A pandemic seems like an extremely challenging time to open up a new restaurant, what with businesses struggling to get by and many permanently closing. Nevertheless, Umbrella Hospitality Group’s Austin Melrose and Zachary Patterson (Lono, The Corner Door) are opening their new taco spot, Umbrella taCO., on October 1 next door to their Melrose Umbrella Co. cocktail bar. The challenging Melrose Avenue space has seen a consistent rotation of eateries, such as Pirolo’s Panino, which closed in 2018, and Eric Greenspan’s Grilled Cheese before that, with nothing quite sticking.
But as soon as Pirolo’s left, Melrose and Patterson started working on the taqueria with chef Juan Catalan at the helm. And it wasn’t until Melrose Umbrella Co. had to pivot to only delivery and takeout during the lockdown this year that they were finally able to focus on its opening. “The street has been asking for a delicious taqueria for quite some time,” says Melrose, who wants the place to evoke a motorcycle trip through Mexico, with fish taco stops and surfing. Maybe the taqueria will not only better suit LA’s hip Melrose Avenue but perhaps sate the travel bug of quarantined Angelenos.
Catalan, who started working at Lono in 2017, incorporates a mix of cultures in the cooking that reflects his experience in Los Angeles. He hails from Guerrero, Mexico, was raised here in Koreatown, and worked at Katsuya Hollywood. Japanese flavors such as kombu and yuzu are used to brighten up his aguachile, while Koreatown ingredients spice things up. “The ingredients used are from mom-and-pop stores I’ve gone to since I was a kid,” says Catalan. “HK Market is one of my favorites. Koreatown definitely has umami ingredients and flavors that are amazing to explore.”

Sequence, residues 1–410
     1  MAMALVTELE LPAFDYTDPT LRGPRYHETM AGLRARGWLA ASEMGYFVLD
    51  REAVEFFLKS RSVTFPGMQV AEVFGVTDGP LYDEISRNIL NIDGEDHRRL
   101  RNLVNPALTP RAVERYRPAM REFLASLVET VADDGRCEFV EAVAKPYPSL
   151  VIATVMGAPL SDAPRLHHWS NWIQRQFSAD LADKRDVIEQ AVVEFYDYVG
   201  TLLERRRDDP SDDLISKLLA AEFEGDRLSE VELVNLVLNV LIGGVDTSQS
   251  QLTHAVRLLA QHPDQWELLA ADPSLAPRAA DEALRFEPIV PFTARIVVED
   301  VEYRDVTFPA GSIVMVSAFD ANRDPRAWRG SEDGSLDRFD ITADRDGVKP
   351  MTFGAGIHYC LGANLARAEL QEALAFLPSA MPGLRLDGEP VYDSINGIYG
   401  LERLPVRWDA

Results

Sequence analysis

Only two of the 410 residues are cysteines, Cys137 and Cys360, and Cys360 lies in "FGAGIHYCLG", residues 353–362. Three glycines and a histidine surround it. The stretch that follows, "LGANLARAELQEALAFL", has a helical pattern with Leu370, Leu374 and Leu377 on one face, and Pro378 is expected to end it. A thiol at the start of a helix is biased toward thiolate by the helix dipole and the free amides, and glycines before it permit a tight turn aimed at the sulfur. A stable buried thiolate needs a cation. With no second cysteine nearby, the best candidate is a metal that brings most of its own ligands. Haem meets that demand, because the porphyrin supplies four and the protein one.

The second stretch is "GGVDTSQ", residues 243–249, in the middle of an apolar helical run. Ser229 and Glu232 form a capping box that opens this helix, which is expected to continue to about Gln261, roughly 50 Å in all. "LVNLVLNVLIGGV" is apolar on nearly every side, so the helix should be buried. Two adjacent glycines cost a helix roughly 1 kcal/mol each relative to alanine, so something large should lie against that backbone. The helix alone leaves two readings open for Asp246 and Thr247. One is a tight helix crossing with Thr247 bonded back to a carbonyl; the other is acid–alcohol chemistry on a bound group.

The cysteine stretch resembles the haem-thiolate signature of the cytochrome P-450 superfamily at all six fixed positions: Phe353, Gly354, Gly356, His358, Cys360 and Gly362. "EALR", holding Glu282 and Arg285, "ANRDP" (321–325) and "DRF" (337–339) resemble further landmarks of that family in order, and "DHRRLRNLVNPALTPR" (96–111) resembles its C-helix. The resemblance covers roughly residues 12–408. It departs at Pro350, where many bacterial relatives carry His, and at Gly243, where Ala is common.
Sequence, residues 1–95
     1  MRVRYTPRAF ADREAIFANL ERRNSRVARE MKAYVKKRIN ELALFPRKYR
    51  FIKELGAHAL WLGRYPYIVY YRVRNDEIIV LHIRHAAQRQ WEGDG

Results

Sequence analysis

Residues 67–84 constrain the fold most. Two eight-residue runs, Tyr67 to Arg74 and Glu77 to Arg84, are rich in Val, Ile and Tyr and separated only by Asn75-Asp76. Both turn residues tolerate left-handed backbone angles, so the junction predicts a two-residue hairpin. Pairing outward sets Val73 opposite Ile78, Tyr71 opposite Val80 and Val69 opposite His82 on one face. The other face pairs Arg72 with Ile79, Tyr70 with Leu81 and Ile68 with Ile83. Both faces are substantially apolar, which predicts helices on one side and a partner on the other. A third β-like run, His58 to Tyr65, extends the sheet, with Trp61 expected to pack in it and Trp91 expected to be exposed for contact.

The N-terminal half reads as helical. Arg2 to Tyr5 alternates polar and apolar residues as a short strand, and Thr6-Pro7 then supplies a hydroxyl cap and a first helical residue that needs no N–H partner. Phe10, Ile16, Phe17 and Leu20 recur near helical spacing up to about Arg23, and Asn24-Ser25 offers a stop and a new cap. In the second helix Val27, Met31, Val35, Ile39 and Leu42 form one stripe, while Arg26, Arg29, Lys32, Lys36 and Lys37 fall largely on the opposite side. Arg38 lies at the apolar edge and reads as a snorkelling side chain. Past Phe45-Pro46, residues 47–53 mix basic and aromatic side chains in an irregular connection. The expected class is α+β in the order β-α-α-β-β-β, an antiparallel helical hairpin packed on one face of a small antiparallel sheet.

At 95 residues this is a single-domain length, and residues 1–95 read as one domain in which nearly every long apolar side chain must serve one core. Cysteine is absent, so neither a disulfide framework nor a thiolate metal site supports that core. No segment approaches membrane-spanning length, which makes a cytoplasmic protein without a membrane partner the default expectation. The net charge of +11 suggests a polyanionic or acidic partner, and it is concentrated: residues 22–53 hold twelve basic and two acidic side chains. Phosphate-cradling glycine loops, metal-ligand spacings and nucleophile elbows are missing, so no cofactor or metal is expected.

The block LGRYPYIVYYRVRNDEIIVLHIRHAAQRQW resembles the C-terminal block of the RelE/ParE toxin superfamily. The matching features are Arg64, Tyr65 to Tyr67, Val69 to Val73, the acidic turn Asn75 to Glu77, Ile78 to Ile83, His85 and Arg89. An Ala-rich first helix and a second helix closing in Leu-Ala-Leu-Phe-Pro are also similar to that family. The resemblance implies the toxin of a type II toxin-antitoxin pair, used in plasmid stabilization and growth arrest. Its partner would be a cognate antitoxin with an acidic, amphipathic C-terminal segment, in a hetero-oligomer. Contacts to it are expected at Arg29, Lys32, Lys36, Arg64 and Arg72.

His housemade tortillas are made from locally sourced masa and hand-pressed to order. The mole recipe used in the chicken mole taco originated from his grandmother, but he first started working on it when he was seven years old. “I am continuing every day trying to perfect it. Mine has a sweet and savory balance, which I think sets it apart and makes it unique.”
The mole and the al pastor are both “prepared traditionally, which involves toasting pepitas, sesame seeds, and galletas (as opposed to blending) to give more of nuttiness flavor in the mole,” says Catalan. “The al pastor is marinated with achiote and, of course, served with a slice of grilled pineapple.”
Tacos ($3.50 to $5.50 each) include the usual suspects of carne asada, al pastor, and pescado as well as pollo tinga, pollo mole, and camarones. For vegetarians, there are champiñón tacos with wild mushrooms, brussels sprouts, guacamole, and soy sauce, as well as cauliflor tacos with beer-battered buffalo cauliflower, slaw, avocado, and pico de gallo.
Those craving something more substantial than tacos can fill up on the quesadilla, burrito/bowl and tamale options. And naturally, there are plenty of drinks such as cervezas, housemade agua frescas, and agave-based cocktails. The spirits menu allows those looking for something a bit stronger to to explore the different regions of Mexico through its selection of mezcals and tequilas. Sip on espadin at $6 a pour or pechuga mezcal ($8 to $12).
The taqueria has nine counter seats and three window seats, but will offer sidewalk seating, delivery and takeout once it opens. Hours are Tuesday to Saturday from 12 p.m. to 9 p.m.
- LA Restaurant Openings [ELA]